More than health care, the economy, jobs, Afghanistan, Iraq, public malfeasance, private dishonesty, civil rights, disease or tainted food, mass murder is American’s primary problem and most fundamental shame…

Indeed, it’s time to start asking ourselves whether our famous American freedom—in both its liberal and conservative formulations—is not actually a subtle form of dehumanizing tyranny. There is the economic anguish, of course, and the inability of our mad capitalism to slow down and care for its casualties. But neither Columbine nor the murders at Virginia Tech took place during an economic crisis. We have to start examining whether the general free-for-all of our economic system, and the pleasure-seeking ethos of our commercialism, and the ideology of immediate gratification that is corroding any type of respect for authority—we have to determine whether these “freedoms” are actually a tightening dog collar turning us all into rabid animals…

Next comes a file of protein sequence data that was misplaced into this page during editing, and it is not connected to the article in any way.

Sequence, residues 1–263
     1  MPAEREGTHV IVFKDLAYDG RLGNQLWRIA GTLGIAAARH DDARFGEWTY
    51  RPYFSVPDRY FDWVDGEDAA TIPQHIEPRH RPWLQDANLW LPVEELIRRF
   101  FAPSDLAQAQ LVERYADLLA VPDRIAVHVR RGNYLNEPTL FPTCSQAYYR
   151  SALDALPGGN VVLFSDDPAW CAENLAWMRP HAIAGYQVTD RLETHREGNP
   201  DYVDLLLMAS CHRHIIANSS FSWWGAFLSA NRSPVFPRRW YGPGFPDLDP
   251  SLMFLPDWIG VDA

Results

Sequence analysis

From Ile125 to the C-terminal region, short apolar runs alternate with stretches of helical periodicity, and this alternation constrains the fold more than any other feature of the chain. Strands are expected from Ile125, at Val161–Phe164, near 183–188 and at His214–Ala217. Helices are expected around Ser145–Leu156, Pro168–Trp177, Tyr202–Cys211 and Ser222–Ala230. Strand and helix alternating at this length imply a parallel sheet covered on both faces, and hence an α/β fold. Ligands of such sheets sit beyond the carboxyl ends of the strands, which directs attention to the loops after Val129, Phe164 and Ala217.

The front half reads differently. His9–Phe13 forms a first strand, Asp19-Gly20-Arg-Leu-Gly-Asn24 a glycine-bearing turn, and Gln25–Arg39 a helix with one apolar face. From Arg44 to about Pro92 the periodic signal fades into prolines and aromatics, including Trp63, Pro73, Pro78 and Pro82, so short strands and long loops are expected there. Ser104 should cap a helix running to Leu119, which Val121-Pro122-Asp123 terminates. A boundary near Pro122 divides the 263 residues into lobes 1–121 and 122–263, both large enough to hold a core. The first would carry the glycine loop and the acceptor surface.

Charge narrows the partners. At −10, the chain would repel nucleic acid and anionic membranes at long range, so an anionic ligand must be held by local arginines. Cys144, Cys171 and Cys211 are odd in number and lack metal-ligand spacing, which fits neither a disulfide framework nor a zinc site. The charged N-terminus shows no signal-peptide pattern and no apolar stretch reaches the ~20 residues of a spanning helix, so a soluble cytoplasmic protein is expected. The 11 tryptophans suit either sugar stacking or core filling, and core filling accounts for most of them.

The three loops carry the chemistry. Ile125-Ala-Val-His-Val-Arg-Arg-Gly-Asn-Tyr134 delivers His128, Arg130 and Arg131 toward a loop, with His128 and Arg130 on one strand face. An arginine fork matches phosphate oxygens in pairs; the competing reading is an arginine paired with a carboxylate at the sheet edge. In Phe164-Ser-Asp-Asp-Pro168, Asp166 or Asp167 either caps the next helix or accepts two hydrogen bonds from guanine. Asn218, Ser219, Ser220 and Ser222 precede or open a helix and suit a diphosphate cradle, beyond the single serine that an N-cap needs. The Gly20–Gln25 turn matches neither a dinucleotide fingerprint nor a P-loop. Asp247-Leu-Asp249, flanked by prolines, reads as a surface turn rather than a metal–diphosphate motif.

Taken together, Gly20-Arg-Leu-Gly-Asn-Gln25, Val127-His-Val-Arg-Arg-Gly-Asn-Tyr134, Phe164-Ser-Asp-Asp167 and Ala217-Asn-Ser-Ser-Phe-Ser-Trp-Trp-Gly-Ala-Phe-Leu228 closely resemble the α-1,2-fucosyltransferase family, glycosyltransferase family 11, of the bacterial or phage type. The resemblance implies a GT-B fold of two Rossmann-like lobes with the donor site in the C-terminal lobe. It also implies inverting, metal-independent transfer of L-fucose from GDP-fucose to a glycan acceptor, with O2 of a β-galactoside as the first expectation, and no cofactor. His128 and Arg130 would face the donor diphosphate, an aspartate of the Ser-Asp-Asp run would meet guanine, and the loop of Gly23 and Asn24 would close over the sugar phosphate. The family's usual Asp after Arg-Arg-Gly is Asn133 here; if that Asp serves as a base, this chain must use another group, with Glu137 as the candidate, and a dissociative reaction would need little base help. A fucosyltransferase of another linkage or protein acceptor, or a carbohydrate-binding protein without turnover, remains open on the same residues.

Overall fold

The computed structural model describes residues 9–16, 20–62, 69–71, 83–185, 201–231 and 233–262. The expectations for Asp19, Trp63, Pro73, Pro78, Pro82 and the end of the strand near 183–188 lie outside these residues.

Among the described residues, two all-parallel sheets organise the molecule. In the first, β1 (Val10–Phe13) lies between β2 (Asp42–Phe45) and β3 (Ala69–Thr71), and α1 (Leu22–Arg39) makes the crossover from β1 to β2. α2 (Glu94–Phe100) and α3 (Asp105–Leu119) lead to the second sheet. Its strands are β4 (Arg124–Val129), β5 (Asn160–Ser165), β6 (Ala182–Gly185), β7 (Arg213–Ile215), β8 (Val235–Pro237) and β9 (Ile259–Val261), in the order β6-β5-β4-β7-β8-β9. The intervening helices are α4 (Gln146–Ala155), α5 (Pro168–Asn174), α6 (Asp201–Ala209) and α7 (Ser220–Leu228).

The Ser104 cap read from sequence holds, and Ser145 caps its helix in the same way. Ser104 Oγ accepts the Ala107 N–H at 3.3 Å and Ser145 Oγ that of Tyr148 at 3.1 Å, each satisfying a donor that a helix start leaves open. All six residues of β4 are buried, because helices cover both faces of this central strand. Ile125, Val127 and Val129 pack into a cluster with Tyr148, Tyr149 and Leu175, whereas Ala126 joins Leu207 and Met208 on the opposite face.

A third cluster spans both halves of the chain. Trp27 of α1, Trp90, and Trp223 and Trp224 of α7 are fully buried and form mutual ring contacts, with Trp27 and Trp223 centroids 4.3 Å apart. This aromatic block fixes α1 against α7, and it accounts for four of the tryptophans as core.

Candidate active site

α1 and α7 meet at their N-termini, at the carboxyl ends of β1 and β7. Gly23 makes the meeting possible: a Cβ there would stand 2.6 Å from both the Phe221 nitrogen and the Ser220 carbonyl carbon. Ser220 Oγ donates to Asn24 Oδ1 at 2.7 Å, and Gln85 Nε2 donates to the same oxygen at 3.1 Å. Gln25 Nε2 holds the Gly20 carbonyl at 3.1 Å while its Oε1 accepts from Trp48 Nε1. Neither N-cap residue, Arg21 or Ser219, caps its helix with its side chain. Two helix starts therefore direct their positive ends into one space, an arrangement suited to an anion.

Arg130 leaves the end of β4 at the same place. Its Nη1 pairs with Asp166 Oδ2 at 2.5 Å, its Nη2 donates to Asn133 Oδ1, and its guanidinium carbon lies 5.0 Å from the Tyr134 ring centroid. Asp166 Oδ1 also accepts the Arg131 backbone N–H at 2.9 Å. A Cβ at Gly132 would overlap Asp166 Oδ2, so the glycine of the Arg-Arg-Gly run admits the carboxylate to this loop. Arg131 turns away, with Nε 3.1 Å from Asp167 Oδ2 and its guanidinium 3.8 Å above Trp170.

In my current dark mood, I’m tired of hearing about both our domestic bugbears and our foreign adversaries. The true enemy is the American genocide of mass murder and all its many causes. When a woman at Fort Hood who had been near the shootings told reporters, with strange evocativeness, that “you could smell the gunfire,” I thought of D.H. Lawrence. “The sympathetic bond is broken,” Lawrence once wrote. “We stink in each other’s nostrils.” America is beginning to stink.